- by Dr Murali Subramanian Oncology India
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- Dec 23 2017
UNDERSTANDING THE BASICS OF CHEMOTHERAPY
Chemotherapy is used to treat cancer by destroying cancerous cells.
HOW IS CHEMOTHERAPY USED?
At times, chemotherapy alone can be used to treat cancer. However, it is more often used in combination with other procedures, such as:
- SURGERY: Where the cancerous tumours or tissue, contaminating the organ is removed.
- RADIATION THERAPY: Radioactive particles are used to kill cancer cells, using a special machine or by putting radioactive particles in the body.
- BIOLOGICAL THERAPY: Bacteria, vaccines, antibodies are introduced in the body to kill cancer cells.
WHAT IS CHEMOTHERAPY USED FOR?
Chemotherapy drugs can be used for the following:
- Prevent cell division or impair mitosis
- Target the enzymes and hormones that are the cancer cells’ food source, which they need to grow
- Apoptosis; programmed death of the cancer cells
- Neoadjuvant chemotherapy: Shrink a tumour before radiation therapy or surgery
- Adjuvant chemotherapy: Destroy any remaining cancer cells post the surgery or radiation therapy
- Complement and make biological, radiation and other therapies more effective
- Destroy cancer cells and prevent them from returning or spreading to other parts of the body
HOW LONG DOES THE TREATMENT LAST?
The duration of chemotherapy treatment will depend on the following:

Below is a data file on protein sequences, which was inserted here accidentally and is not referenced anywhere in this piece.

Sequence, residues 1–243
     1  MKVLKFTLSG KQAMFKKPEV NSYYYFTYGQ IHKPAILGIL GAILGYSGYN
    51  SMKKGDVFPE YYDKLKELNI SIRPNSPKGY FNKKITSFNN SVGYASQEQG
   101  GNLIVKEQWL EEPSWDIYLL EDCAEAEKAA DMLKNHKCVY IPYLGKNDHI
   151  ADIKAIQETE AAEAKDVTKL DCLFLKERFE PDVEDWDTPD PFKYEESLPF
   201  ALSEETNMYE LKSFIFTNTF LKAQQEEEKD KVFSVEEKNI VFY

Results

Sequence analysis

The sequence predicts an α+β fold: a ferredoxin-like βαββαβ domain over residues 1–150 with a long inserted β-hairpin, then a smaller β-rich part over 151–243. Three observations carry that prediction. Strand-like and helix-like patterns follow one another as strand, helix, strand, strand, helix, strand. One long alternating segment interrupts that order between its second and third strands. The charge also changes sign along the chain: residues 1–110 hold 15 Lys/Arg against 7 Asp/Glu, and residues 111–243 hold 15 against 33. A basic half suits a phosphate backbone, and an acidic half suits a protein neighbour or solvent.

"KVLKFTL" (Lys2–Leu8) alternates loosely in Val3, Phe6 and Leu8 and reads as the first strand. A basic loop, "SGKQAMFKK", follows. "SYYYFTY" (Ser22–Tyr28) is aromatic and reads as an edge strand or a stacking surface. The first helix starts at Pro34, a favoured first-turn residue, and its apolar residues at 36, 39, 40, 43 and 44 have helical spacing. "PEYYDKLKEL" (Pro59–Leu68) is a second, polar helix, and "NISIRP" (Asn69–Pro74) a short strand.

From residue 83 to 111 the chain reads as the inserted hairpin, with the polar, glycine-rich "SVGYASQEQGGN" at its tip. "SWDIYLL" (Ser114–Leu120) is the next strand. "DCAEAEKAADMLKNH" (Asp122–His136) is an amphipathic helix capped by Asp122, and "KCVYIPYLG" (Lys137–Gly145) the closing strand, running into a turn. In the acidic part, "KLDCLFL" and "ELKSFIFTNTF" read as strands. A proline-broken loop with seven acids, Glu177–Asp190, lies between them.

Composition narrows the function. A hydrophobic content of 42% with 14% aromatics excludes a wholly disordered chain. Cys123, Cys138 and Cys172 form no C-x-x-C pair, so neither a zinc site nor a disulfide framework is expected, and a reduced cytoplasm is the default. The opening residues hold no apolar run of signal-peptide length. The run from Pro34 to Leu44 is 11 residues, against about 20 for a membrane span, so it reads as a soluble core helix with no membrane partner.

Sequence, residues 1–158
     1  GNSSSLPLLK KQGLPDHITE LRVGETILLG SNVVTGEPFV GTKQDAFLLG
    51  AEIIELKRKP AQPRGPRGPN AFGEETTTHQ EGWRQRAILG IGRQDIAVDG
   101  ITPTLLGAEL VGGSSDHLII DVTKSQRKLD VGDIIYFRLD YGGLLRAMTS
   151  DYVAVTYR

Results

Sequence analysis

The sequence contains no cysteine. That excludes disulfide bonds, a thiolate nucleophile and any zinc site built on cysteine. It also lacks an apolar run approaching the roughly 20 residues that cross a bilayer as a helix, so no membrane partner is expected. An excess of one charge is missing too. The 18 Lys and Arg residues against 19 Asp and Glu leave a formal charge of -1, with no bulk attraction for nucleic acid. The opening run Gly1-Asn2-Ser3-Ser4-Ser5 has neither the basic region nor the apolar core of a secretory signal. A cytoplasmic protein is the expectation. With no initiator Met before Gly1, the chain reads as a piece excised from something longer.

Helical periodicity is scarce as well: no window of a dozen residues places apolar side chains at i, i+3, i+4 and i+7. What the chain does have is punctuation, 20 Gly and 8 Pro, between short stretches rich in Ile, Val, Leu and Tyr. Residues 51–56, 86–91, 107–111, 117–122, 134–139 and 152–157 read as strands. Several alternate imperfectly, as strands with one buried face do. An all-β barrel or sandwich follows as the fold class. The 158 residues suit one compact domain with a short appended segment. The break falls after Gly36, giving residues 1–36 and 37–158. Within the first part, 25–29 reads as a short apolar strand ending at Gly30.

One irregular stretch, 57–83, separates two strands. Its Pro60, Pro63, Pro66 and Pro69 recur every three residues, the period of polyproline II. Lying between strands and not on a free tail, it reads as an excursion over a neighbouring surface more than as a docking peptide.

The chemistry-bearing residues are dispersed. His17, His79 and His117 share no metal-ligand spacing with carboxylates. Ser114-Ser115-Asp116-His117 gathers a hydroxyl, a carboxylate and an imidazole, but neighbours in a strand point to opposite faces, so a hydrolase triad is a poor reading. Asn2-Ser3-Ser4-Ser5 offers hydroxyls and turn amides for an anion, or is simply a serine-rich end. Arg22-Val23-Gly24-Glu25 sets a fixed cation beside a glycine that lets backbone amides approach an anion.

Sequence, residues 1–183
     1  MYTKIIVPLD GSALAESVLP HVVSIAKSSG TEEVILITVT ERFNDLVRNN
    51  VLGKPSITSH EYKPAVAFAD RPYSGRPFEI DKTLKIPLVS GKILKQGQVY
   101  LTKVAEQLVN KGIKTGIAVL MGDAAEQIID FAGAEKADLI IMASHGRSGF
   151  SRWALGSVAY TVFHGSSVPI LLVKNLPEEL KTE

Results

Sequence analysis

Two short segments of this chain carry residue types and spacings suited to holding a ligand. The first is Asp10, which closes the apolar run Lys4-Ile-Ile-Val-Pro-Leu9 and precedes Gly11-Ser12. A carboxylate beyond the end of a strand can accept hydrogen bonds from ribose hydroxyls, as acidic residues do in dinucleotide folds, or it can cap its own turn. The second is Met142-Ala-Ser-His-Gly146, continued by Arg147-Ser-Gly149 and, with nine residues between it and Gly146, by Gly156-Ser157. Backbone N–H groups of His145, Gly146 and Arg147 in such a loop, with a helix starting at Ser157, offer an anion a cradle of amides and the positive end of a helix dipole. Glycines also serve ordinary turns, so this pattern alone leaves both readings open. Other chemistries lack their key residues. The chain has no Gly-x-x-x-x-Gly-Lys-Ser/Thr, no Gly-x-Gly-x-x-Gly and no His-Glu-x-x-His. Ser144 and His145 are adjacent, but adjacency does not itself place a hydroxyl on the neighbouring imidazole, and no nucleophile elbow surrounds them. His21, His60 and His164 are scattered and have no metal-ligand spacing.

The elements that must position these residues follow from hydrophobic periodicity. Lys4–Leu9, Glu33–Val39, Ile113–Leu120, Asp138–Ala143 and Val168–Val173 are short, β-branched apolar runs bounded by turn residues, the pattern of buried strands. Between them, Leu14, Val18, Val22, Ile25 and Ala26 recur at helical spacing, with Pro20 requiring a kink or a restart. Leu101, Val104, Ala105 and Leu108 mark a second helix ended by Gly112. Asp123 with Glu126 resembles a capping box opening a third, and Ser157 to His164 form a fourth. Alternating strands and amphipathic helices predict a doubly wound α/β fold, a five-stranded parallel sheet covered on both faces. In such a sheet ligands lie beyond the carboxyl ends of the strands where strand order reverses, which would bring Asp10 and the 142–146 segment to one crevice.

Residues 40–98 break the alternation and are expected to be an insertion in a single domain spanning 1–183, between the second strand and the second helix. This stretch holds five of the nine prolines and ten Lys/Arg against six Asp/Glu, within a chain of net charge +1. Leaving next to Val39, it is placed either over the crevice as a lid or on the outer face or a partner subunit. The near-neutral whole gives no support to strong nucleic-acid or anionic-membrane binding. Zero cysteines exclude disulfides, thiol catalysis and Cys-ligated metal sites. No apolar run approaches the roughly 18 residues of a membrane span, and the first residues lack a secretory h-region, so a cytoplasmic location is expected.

- The type of cancer
- The stage of cancer
- The goal of treatment – cure, control or pain relief
- The type of chemotherapy used
- The way your body is responding to the treatment
You can receive the treatment in cycles; a period of treatment followed by a period of rest.
HOW IS CHEMOTHERAPY GIVEN?
Chemotherapy can be given using the following ways:
- Injection: Drugs are delivered using a shot directly into the muscle in your hip, thigh, arm or the fatty part of your arm, leg, stomach
- Intra-arterial (IA): Drugs go directly in the artery through a needle or catheter
- Intraperitoneal (IP): Drugs are delivered to the peritoneal cavity that contains organs such as liver, intestines, stomach and ovaries, done using surgery or through a tube
- Intravenous (IV): Chemotherapy goes directly into the vein
- Topical: Rubbing the drugs into a cream form onto the skin
- Oral: Swallowing a pill or liquid containing the drugs
SIDE EFFECTS OF CHEMOTHERAPY
Chemotherapy is characterised by severe adverse effects, ranging from mild to severe. Some of the side effects experienced are:
- Nausea and vomiting
- Alopecia or hair loss
- Hearing impairment
- Low white blood cell count
- Susceptibility to infections
- Low blood platelet count
- Bleeding problems
- Low red blood cell count
- Loss of appetite
- Bowel problems
- Cognitive and mental health problems
Cancer is a physically and mentally exhaustive period and chemotherapy can bring about various issues. The doctor will conduct regular tests to determine the efficiency of the treatment. It is important that people undergoing chemotherapy get adequate care and support.
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